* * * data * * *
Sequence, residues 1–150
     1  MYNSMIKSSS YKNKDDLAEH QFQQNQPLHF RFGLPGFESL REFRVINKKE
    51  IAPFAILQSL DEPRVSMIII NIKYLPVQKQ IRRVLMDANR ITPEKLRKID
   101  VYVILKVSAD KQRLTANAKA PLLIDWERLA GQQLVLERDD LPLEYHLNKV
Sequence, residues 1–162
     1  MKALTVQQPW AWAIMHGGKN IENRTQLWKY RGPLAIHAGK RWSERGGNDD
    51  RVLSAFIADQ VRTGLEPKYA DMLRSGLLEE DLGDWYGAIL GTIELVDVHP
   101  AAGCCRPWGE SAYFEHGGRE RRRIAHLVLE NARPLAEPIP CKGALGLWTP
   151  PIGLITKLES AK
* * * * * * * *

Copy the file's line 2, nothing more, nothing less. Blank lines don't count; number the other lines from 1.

     1  MYNSMIKSSS YKNKDDLAEH QFQQNQPLHF RFGLPGFESL REFRVINKKE